Advertisement

Health officials: COVID-19 test restrictions due to limited number of tests available

This photo shows the test kid for severe acute respiratory syndrome coronavirus 2 (SARS-CoV-2), the virus that causes COVID-19. (Courtesy: Centers for Disease Control and Prevention)
This photo shows the test kid for severe acute respiratory syndrome coronavirus 2 (SARS-CoV-2), the virus that causes COVID-19. (Courtesy: Centers for Disease Control and Prevention)(KCRG)
Published: Mar. 16, 2020 at 9:54 PM CDT
Email this link
Share on Pinterest
Share on LinkedIn

Right now, not everyone in Iowa who has the symptoms of the COVID-19 strain of the coronavirus is able to be tested for it.

Hospitals in Iowa no longer need to receive approval from the Iowa Department of Public Health to administer a test, as they previously had, but those hospitals report they are still following the guidelines set by the department and the State Hygienic Lab in Coralville to determine who gets a test.

In order to qualify for testing, patients must meet one of the following criteria:

  • Hospitalized patients with fever and respiratory failure and no alternate diagnosis.
  • Hospitalized older adults (> 60 years of age) with fever and respiratory symptoms (cough, difficulty breathing) and chronic medical conditions (e.g., diabetes, heart disease, immunosuppressive medications, chronic lung disease, or chronic kidney disease).
  • Any persons (including healthcare providers) with household contact with a laboratory-confirmed case of COVID-19 in the 14 days prior to becoming ill with fever or respiratory symptoms (e.g., cough, difficulty breathing).
  • Any persons with a history of international travel to a country with a Level 3 CDC travel health warning or have taken an international cruise in the 14 days prior to becoming ill with fever and respiratory symptoms (e.g., cough, difficulty breathing) and no alternate diagnosis.
  • As of Monday, March 16, nations included in the CDC’s Level 3 travel health warning are China, Iran, and most countries in Europe.

    The Iowa Department of Public Health and local hospitals said they’re following these restrictions for the same reason: There aren’t enough tests in Iowa for everyone who wants one, or even for those who only have symptoms.

    In an email to KCRG-TV9 on Sunday, Amy McCoy, policy advisor/legislative liaison for the Iowa Department of Public Health, said these restrictions have not prevented Iowa from screening for community spread.

    Gov. Kim Reynolds announced the first case of community spread of the coronavirus in Iowa on Saturday, in a positive test in Dallas County. The state announced two more cases of community spread on Sunday, with one each in Johnson County and Polk County.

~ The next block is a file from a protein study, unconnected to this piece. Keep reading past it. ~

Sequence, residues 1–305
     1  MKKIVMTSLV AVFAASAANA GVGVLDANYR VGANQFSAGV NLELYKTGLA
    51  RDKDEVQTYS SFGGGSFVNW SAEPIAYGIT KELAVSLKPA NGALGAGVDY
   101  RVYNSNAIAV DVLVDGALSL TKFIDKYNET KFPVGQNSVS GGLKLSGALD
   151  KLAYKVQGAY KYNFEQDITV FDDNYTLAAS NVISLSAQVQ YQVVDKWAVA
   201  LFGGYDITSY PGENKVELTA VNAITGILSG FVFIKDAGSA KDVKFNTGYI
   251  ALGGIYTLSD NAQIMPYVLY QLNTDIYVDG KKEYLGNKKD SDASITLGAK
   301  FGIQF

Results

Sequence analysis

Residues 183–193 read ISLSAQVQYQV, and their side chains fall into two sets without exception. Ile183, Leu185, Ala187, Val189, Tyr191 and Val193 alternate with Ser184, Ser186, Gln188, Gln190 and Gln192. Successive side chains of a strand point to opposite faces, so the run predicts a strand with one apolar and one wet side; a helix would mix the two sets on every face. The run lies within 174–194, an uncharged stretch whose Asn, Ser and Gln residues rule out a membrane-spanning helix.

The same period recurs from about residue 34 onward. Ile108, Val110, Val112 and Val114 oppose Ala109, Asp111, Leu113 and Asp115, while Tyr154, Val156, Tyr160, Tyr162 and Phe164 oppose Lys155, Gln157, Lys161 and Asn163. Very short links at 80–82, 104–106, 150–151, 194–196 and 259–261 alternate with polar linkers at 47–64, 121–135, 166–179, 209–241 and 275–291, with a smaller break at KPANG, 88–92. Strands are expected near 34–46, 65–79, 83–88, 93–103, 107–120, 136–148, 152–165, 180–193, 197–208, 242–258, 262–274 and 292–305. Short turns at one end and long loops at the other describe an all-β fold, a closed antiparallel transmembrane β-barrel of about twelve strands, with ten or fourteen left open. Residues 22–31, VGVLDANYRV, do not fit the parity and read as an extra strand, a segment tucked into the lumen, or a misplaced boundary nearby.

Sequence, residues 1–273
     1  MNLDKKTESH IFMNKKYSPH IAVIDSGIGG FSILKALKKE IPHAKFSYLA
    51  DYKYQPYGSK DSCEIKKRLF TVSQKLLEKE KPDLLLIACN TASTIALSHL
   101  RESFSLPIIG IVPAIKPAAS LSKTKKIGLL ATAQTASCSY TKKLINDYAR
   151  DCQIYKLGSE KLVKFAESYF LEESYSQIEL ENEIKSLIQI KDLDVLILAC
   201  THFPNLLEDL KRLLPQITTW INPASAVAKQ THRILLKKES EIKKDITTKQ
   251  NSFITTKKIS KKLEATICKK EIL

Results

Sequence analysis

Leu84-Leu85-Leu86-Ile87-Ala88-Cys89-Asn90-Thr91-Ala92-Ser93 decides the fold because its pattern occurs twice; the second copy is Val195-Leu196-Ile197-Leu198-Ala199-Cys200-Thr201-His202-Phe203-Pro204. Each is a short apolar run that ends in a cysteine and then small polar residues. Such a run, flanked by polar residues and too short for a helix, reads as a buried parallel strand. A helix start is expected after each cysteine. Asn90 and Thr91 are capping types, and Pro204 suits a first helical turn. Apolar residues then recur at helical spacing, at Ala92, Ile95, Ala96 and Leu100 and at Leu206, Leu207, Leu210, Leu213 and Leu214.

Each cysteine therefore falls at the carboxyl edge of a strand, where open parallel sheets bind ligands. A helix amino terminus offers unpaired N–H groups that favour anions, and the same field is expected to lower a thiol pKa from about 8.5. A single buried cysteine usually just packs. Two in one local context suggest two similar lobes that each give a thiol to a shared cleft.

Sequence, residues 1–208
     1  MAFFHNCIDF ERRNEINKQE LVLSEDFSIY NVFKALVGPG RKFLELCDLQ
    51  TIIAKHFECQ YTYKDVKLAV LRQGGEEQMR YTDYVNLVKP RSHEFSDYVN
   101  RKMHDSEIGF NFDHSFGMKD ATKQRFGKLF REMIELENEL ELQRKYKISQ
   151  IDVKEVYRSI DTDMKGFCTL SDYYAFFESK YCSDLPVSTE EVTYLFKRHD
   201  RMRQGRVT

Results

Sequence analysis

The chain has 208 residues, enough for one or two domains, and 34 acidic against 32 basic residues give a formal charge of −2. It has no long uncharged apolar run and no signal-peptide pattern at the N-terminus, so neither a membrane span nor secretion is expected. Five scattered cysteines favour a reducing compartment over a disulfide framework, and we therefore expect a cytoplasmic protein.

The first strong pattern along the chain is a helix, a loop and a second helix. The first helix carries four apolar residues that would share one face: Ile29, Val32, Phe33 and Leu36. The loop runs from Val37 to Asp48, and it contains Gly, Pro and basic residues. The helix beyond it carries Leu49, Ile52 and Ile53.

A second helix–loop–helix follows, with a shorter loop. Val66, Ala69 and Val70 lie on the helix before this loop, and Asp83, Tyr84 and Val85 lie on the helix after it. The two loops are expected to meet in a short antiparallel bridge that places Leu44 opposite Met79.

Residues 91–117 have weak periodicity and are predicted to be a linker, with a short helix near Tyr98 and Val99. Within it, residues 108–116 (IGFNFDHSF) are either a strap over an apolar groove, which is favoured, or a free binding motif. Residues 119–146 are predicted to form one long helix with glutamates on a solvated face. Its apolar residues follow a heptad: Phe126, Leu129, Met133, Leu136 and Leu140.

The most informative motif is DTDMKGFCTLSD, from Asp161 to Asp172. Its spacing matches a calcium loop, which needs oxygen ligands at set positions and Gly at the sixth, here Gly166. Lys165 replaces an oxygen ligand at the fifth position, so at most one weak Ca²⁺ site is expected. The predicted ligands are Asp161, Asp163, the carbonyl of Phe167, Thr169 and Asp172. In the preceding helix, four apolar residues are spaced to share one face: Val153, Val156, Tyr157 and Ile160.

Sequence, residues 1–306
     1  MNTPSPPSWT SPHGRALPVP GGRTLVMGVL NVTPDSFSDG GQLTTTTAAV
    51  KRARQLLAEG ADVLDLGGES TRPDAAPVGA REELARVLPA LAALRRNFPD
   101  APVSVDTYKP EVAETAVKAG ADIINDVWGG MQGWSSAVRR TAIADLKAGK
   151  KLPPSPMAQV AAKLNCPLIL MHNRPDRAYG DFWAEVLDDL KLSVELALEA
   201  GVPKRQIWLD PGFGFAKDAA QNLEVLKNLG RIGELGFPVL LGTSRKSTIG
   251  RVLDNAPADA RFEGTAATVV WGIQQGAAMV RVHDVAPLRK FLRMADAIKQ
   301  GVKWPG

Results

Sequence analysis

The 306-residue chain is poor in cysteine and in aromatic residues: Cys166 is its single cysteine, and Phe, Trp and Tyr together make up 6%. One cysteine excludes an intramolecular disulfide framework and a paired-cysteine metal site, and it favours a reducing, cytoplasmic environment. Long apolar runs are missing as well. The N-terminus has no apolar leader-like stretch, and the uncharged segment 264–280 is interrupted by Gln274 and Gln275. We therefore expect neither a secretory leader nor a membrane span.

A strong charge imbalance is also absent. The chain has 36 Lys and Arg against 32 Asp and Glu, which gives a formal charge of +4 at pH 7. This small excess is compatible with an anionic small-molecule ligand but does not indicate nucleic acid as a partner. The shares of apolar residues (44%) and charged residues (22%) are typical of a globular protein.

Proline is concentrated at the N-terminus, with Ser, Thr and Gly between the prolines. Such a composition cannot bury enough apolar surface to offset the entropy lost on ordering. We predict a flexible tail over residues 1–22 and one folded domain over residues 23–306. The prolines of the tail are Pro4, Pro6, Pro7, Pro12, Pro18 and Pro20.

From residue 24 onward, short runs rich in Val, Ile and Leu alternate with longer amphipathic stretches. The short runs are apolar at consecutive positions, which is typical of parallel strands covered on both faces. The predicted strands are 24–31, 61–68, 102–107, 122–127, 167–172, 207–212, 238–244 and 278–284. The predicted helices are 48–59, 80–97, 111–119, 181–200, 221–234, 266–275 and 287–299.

“Our testing is currently designed to test individuals who have risk factors for having COVID-19. With limited testing, the health care community is using the current capacity and prioritizing based on these risk factors,” McCoy wrote.

    University of Iowa Health Care is following those guidelines in its hospitals and clinics “to make best use of the limited number of tests available,” according to Jennifer Brown, a member of UIHC’s marketing and communications staff, in an email sent to TV9 on Monday.

    Doctors from two Cedar Rapids hospitals, Mercy Medical Center and UnityPoint-St. Luke’s Hospital, echoed those same sentiments at a press conference Monday.

    “The Iowa Department of Public Health limiting the criteria for testing really just has to do with, they’re saving the tests for the most at-risk or severely ill people,” Dr. Tony Myers, vice president of medical affairs at Mercy, said.

    “Despite that deficit, it is not impairing our ability to care for patients and to handle this situation,” Dr. Dustin Arnold, St. Luke’s chief medical officer, added.

    Arnold said a positive test wouldn’t change the way doctors at Mercy and St. Luke’s treat patients because for now, there’s no specific medication available to treat coronavirus.

    “It’s supportive care, so as physicians do every day, we’re going to evaluate the patient, determine a differential diagnosis, and then treat that patient supportively,” Arnold said.

    Those restrictions on testing are cause for concern for Cedar Rapids resident Cory Cozad.

    After returning home from a weekend trip to the Quad Cities last weekend, Cozad, who frequently travels domestically for work, started to feel sick with coronavirus-like symptoms, which worsened over the span of a few days.

    “My chest felt really tight,” Cozad said. “I had a really wicked dry cough that actually, it hurt to cough. And I had a fever. I just felt so warm.”

    Cozad went to two area hospitals and was denied testing at both because he did not meet the state’s criteria, despite his symptoms.

    “I feel very concerned for our community in that we’re not necessarily getting all the data collection that’s required to make a decision,” Cozad said.

    Cozad said he eventually tested positive — not for coronavirus, but for Influenza A.

    “I’ve never been happy to have the flu, but it seems like it’s better than the alternative, possibly,” Cozad said.

    But he’s worried there are more people in his situation, who have similar symptoms but do have the coronavirus and aren’t able to know, especially with community spread now present in Iowa.

    “I think it’s probably a much bigger issue than what’s being reported just due to the fact that not everyone can be tested,” Cozad said.

    Myers said that while Iowans don’t necessarily need testing to be treated for coronavirus, more testing will be beneficial in the state in the long term to help people better understand the illness.

    “Hopefully within the next couple of weeks, we’ll have the ability to test more frequently, and I mean, I’m sure we will,” Myers said.

    Latest News